• Supplies: general office supplies

  • Recurring operational costs: Rent, utilities, and subscription-based services

  • Entertainment/travel: Any applicable business entertainment and travel expenses

  • Marketing/advertising costs: Expenses used to promote your business

  • Professional fees: Attorneys, consultants, accountants, bookkeepers, etc.

  • Sales tax returns: Include returns from all states in which you operate.

  • Insurance policy details: Individual and group plan documents, company vehicle policies, and any other insurance coverage documentation

  • Furniture, fixtures, and equipment: Include depreciation schedules for each fixed asset, as well as information on any disposed assets.

Employment Tax Documentation

Gather forms for all your employees, subcontractors, and other professional services, including:

  • W-9: Employee tax withholding certificate

  • I-9: Verification of employee legal work authorization

  • W-2: Wage and tax statements for each employee

  • 1099-NEC and/or 1099-MISC

You’ll also need to gather payroll information:

  • Payroll reports

  • Gross monthly payroll

  • Employee payroll withholdings


Home Office Information

If you operate your business from a home office, you can deduct your office space and utilities. Gather information for any of the following that applies:

  • Square footage of office space: Include the size of your office and the total square footage of your home.

  • Mortgage interest or rent paid

  • Utilities

  • Insurance policy

Maximize your return with tax credits and deductions

Get the most from your tax return (or at least minimize your tax liability) by knowing which business expenses are deductible (e.g., business meals, home office equipment and supplies, business vehicle use, etc.). Check out our list of 15 common small business tax deductions.


Additionally, don’t forget to research business tax credits available to you. These include:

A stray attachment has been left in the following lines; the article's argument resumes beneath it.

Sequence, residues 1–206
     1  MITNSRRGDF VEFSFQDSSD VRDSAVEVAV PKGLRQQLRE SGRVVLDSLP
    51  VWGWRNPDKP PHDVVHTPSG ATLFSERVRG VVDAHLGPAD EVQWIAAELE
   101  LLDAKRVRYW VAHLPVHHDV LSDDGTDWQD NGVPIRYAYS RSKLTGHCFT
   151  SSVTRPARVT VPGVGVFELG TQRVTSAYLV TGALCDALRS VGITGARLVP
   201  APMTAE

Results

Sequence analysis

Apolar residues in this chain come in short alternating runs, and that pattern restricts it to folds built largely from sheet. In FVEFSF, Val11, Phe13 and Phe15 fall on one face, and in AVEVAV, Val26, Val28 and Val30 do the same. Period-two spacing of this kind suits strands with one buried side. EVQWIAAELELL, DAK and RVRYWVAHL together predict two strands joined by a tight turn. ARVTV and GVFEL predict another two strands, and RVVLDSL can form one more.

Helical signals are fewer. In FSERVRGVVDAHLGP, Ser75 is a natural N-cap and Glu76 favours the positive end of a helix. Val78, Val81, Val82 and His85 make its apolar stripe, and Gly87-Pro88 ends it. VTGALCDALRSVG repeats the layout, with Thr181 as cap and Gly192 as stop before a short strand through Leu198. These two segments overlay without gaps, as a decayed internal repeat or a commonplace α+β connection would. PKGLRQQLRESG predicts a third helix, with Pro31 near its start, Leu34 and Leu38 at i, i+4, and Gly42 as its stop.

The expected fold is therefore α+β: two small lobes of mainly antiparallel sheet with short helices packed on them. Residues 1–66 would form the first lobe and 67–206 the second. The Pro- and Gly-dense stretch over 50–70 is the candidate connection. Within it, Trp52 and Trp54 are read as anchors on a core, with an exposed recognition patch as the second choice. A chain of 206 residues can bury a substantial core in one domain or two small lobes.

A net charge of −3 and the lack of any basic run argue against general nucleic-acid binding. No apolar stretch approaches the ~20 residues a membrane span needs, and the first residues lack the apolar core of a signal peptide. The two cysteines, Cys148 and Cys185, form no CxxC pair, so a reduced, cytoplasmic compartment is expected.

Small Business Health Care Tax Credit

To qualify for the Small Business Health Care Tax Credit, your business must:

  • Have fewer than 25 full-time equivalent (FTE) employees

  • Pay an average employee salary of $56,000 per year or less (adjusted yearly for inflation)

  • Contribute at least 50% to your full-time employees’ premium costs

  • Offer Small Business Health Options Program (SHOP) coverage to all of your full-time employees

Investment Credit

Investment tax credits benefit businesses with expenses related to pollution control, energy conservation, green technology, and other types of economic development. Some specific investment tax credits include the following:

  • Reforestation Credit

  • Rehabilitation Tax Credit

  • Solar Energy Investment Tax Credit

  • Federal Business Energy Investment Credit

For example, solar and wind energy investments could make your business eligible for one of these credits.


Disabled Access Credit

The Disabled Access Credit benefits small businesses that have incurred expenses necessary to improve accessibility for those with disabilities. Your company is eligible if it:

  • Earned $1 million or less, and

  • Had no more than 30 full-time employees in the previous year.

You can take the credit every year that you have accessibility-related costs.


Work Opportunity Tax Credit

The Work Opportunity Tax Credit is available to businesses that hire qualified individuals from targeted groups who have consistently faced significant employment obstacles. This includes veterans, ex-felons, and those with disabilities.


Alternative Motor Vehicle Credit

If you purchased electric or hybrid vehicles for business use during the tax year, you could use Form 8910 to determine your Alternative Motor Vehicle Credit.


Be Prepared for Your Small Business Taxes

When it comes to filing and paying your business taxes, there is no such thing as being too prepared! The more organized you are, the smoother things will be when those tax deadlines come around. Not to mention, thorough recordkeeping and organization will help reduce your tax liability and maximize your return.


Are you confused or stressed at the thought of gathering all your tax documentation? We understand how challenging it can be to juggle the many responsibilities of a small business owner. First, take a breath—then contact Check & Balance at 603-505-2368 or schedule a free consultation! We’ll be happy to help you ensure your accounting and financial records are in order for tax day.